About this blog

This blog documents the story of our family after our daughter Yasmin was diagnosed with leukaemia when she was two years old, just six weeks after our son Isaac was born. Now, three, Yasmin is on maintenance treatment for acute lymphoblastic leukaemia (ALL) until October 2014. The first post can be found here or you can read how my husband Andrew and I felt when we got the diagnosis and when Yasmin started the most intense phase of treatment. The main purpose of the blog is to raise awareness of childhood leukaemia and its impact on families and to raise money for the different charities that have supported us during the most difficult of times. We have helped to raise £33,000 for charity so far, including £30,000 for Great Ormond Street Children's Hospital where Yasmin is undergoing treatment. Anyone wishing to donate can do so at our JustGiving page HERE. All money raised goes directly to into research, better facilities and care. We are now also raising money for Haven House Children's Hospice where Yasmin has been attending for respite care. You can get more information on Facebook or you can follow me on Twitter here.
The blog and our fundraising efforts regularly feature in national newspapers and magazines while the BBC has covered our fundraising here and ITV here.

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HERE ARE OUR LANGUAGE SETTINGS (more Japanese to follow): EN |  JA

Monday, 21 July 2014


Meal out on Yasmin's birthday after afternoon spent in hospital
Yasmin is on day four of her monthly five-day course of steroids. I am counting down to the end of treatment by how many courses of steroids we have yet to endure – barring the unscheduled hospitals stays, they remain the worst part of treatment. We have three left until October.

I hate steroids because almost immediately my usually happy, fun, although cheeky, daughter is replaced by a mini monster as described in The Story of the Steroid Monster.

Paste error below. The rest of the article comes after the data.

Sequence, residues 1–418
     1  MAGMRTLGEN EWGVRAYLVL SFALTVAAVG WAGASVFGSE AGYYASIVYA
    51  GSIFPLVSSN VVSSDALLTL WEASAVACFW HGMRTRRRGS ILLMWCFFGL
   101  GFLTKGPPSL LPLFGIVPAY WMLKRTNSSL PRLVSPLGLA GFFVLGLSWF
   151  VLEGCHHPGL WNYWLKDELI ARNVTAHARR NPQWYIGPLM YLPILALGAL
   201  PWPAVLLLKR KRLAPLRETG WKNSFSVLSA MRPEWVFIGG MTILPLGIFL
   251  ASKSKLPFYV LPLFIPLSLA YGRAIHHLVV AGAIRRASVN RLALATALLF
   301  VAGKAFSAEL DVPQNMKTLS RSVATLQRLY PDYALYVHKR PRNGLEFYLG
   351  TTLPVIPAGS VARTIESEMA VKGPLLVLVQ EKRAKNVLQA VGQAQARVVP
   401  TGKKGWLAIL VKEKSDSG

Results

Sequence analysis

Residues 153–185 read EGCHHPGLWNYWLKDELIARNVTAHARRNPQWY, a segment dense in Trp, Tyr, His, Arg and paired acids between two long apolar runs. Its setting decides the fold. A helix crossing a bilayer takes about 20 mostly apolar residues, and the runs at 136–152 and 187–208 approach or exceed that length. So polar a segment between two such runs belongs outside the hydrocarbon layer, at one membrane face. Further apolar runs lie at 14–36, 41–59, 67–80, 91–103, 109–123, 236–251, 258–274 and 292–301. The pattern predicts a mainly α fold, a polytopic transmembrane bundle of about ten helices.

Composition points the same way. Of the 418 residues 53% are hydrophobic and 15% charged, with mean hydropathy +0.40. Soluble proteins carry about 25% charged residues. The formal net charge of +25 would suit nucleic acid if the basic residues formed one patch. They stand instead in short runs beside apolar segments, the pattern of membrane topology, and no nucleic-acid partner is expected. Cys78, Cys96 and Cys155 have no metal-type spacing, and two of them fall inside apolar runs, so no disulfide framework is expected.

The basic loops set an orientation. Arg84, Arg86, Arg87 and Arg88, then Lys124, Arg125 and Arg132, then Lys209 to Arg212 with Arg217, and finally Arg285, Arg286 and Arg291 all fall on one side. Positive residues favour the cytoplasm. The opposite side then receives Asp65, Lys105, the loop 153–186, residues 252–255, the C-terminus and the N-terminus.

It means all outings, parties and holidays which fall at that time are half ruined by her foul moods.
I hate having to state to everyone wherever we go, that my daughter is on steroids as way as an explanation for her bad behavior.
But most of all, I hate steroids because they make my daughter sad. She has no control of her emotions at this time and is overwhelmed by the anger and fear that they can induce in her. The only thing I can do is hold her. How she clings to me throughout this time.

I love steroids because when Yasmin took them for five weeks at the beginning of treatment, they ensured my daughter, all skin and bones and gaunt pale cheeks, piled on weight. My own beautiful little Michelin Man.

But most of all, I love steroids because they are a part of the treatment that is the cure.

Friday, 18 July 2014


Isaac enjoys the bouncy castle before the guests and rain arrives!
“I’ve got all my best friends in the world ever here,” Yasmin shouted as she bounced wildly with three princesses, Spiderman and Winnie the Pooh, on the superhero bouncy castle we had hired for her 4th and Isaac’s second birthday party.
To see her so happily enjoying herself with her nursery friends was such a magical moment for Andrew and I. Yasmin has had trouble settling into pre-school, finding it difficult to make her own friends after so much time in hospital and this has been one of our biggest worries. Everyone wants their children to have friends. With Yasmin’s hair starting to thin out again, she looks different from other children and she is now much more aware of this and the amount of time she spends unwell.
So we were delighted that six of her nursery friends could attend her party along with a number of other friends. The wild bouncing was short-lived due to sudden and unpredicted rain – but we had our friend Kay who had volunteered her services as a face painter to entertain and at 3pm the arrival of Princess Elsa from Frozen, to the delight of the girls AND boys who were mesmerised by having a real princess in their midst.
Elsa with Princess Peppa Pig Yasmin
I have never seen children at a party sit so quietly as when Princess Elsa told her story, before they all started colouring in special pictures she had brought along with her. Isaac, who loves princesses as much as Yasmin ensured he got right to the front, nestling into the hem of Elsa's skirt.
After party food and cake, Isaac was still at the table when everyone had stopped eating, stood on the chair with chocolate all over this face (I don’t think he could quite believe that he had been allowed unlimited cake and crisps.)
Yasmin's second best quote of the day was: "This is the best party ever."
Go Yasmin!
Although in my mind, nothing can quite compare to last year's Wizard of Oz party, this year an important thing had happened - Yasmin had enjoyed her day with friends she had made herself - a huge achievement. Isaac - my perfect boy - is always happy no matter what!

After most of the guests left, Yasmin and Isaac finished off a perfect day opening their presents – Isaac’s favourite being a Fireman Sam helmet which he almost went to bed in.